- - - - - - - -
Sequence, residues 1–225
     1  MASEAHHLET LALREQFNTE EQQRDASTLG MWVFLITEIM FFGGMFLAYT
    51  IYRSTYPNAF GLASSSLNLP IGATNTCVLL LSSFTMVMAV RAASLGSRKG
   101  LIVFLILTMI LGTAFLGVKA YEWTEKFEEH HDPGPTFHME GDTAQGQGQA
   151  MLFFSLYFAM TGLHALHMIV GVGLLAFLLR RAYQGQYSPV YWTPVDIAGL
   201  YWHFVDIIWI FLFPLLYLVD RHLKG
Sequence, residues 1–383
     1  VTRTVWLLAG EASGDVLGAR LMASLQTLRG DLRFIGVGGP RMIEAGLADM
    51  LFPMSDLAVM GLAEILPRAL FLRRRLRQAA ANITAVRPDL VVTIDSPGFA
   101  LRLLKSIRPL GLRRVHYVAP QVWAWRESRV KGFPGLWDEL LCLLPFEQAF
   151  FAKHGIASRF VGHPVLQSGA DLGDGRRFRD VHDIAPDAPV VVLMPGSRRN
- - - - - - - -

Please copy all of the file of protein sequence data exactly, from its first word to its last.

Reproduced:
Sequence, residues 1–225
     1  MASEAHHLET LALREQFNTE EQQRDASTLG MWVFLITEIM FFGGMFLAYT
    51  IYRSTYPNAF GLASSSLNLP IGATNTCVLL LSSFTMVMAV RAASLGSRKG
   101  LIVFLILTMI LGTAFLGVKA YEWTEKFEEH HDPGPTFHME GDTAQGQGQA
   151  MLFFSLYFAM TGLHALHMIV GVGLLAFLLR RAYQGQYSPV YWTPVDIAGL
   201  YWHFVDIIWI FLFPLLYLVD RHLKG
Sequence, residues 1–383
     1  VTRTVWLLAG EASGDVLGAR LMASLQTLRG DLRFIGVGGP RMIEAGLADM
    51  LFPMSDLAVM GLAEILPRAL FLRRRLRQAA ANITAVRPDL VVTIDSPGFA
   101  LRLLKSIRPL GLRRVHYVAP QVWAWRESRV KGFPGLWDEL LCLLPFEQAF
   151  FAKHGIASRF VGHPVLQSGA DLGDGRRFRD VHDIAPDAPV VVLMPGSRRN